THURSDAY, NOVEMBER 13, 2014
I’m lying in bed reading the news, skipping past everything Ebola- or local-Detroit-politics- related because I am already feeling off. Christie’s earned its highest total in a night, leading with Andy Warhol’s painting of Elvis pointing a gun, which sold for $82 million Wednesday night.
I’m lying in bed exhausted but afraid to go to sleep. Still, I close my computer screen. The same thoughts are on loop, like I’m preparing to survive my next car crash—are we going to flip? Are we going to get hit by oncoming cars? How did we not also get side swiped? It is like having the spins but I’m inebriated by fear. I try to think of something positive, imagining that I am spinning the Wheel of Fortune wheel (a trick that used to help me fall asleep as a kid), and I land on a memory: my friend Renée’s ekphrastic poem about Andy Warhol’s Orange Car Crash Fourteen Times.
Life happens within bookends, a series of different stories held together by two mirrored or similar moments—when we wake and when we fall asleep, when we feed our pets, beginnings and endings—symbols that feed my almost daily paranoia of getting into another car accident. Will I get away alive?Is everything all just luck and consequence, proving yet again that most things are out of our control?
January of this year was my first physical car accident. I was also in the passenger seat. When we pulled into a gas station to call the insurance company, my friend lay on her back in the snow and passed out after I went inside. My instinct was to find Entenmann’s chocolate-covered donuts. I still have no idea why, except for the most obvious reason that they are something I like and gas stations always have them. Entenmann’s donuts are reliably there and reliably delicious, a consistency that feels controlled, safe,in a world where change is inescapable.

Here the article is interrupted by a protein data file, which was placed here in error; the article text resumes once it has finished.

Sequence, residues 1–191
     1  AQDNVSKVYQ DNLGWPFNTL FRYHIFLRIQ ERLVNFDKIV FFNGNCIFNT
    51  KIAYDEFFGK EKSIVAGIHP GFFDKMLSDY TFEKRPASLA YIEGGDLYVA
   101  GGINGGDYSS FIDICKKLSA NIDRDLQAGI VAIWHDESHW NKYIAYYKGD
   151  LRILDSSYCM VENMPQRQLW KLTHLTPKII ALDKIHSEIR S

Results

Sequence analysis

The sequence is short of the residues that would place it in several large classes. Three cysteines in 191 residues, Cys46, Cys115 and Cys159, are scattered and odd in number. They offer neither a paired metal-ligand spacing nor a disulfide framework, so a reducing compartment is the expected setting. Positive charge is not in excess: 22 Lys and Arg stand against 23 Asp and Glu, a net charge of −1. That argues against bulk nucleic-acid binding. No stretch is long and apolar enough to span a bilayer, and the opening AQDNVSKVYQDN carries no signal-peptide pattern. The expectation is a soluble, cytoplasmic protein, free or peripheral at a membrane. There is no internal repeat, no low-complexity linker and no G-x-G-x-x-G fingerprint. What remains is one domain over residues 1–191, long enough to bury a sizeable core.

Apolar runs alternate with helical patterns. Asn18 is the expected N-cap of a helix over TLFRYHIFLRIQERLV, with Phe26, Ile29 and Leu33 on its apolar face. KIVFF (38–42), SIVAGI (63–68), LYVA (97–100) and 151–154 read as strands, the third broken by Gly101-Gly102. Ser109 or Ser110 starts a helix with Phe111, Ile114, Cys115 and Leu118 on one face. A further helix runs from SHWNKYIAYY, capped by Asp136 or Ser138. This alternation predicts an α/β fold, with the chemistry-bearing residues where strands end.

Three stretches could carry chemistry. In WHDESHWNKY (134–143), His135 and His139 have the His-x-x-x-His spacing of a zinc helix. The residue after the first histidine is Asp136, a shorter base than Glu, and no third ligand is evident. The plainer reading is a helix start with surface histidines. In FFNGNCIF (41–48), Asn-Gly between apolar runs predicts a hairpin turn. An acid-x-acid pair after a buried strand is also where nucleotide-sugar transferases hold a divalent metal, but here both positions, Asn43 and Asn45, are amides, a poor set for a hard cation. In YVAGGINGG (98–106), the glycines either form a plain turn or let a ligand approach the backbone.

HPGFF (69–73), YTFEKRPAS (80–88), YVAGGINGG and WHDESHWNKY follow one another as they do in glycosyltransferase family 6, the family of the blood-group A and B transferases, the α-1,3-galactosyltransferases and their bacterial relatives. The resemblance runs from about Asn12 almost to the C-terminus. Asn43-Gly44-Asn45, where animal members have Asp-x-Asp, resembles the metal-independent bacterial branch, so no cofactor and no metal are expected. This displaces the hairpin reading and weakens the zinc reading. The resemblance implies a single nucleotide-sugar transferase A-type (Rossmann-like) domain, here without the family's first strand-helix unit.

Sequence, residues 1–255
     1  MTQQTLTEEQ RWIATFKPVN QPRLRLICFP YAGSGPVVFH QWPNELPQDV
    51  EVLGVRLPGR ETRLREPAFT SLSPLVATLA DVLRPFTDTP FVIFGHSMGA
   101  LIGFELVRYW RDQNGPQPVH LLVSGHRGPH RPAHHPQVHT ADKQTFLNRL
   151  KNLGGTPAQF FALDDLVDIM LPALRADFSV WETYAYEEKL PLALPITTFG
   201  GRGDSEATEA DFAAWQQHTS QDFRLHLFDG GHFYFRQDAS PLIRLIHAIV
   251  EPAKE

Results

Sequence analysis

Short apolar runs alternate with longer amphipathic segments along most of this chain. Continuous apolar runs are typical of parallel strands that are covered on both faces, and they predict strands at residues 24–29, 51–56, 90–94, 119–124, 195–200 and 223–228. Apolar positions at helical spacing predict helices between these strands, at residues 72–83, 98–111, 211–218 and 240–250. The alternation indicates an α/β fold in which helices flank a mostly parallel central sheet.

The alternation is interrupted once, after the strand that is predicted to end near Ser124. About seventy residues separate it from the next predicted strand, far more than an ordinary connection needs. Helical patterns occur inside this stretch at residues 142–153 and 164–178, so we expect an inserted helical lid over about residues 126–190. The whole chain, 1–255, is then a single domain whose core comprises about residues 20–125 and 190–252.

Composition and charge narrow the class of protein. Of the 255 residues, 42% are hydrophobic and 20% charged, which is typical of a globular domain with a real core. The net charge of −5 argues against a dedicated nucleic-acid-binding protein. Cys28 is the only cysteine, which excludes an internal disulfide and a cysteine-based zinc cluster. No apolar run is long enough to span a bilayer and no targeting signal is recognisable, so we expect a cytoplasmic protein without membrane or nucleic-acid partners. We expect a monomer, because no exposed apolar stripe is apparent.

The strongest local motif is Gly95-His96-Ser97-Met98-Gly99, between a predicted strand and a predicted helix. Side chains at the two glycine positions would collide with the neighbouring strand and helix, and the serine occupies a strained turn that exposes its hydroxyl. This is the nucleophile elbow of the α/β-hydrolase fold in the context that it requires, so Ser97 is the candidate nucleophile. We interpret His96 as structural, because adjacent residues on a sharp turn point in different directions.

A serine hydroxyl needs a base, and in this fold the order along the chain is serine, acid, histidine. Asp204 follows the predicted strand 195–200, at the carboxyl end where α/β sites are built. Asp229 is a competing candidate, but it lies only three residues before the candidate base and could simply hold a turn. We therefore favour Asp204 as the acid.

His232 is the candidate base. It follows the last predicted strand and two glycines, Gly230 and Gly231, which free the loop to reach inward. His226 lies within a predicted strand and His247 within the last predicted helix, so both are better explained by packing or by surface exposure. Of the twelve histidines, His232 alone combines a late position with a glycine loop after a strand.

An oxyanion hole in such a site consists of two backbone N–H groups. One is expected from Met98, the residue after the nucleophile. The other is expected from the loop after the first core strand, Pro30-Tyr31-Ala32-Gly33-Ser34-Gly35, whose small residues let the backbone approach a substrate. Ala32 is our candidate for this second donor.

Back then, I remember feeling thankful that my car-loving road dog Tennessee—Tenny for short— wasn’t with me, but wishing he could teleport to me so that I could hug him. Tonight, he lies along the back of my leg. I feel him breathing. I eventually fall asleep.
I usually don’t get hungry until past noon but I start to crave a McDonald’s cheeseburger. No way, I tell myself, not after last Sunday. I can still feel Sunday’s sugar and sodium splurge in my thighs. Cheeseburger cravings usually signify a lack of iron, or sadness. Today it’s likely because I’ve been feeling down, even though most times I can’t chart the ‘why’ of my cravings until after they’ve been satisfied. McDonald’s isn’t the healthiest but it’s my favorite because of how it’s reliably the same. How, despite its reputation for over-eating and large portions, McDonald’s Dollar Menu burgers are so small. The onions are diced tiny. No matter the financial situation, a craving for McDonald’s is not forever impossible to fulfill.
No, not today. I continue drinking my tea with lemon and get to work.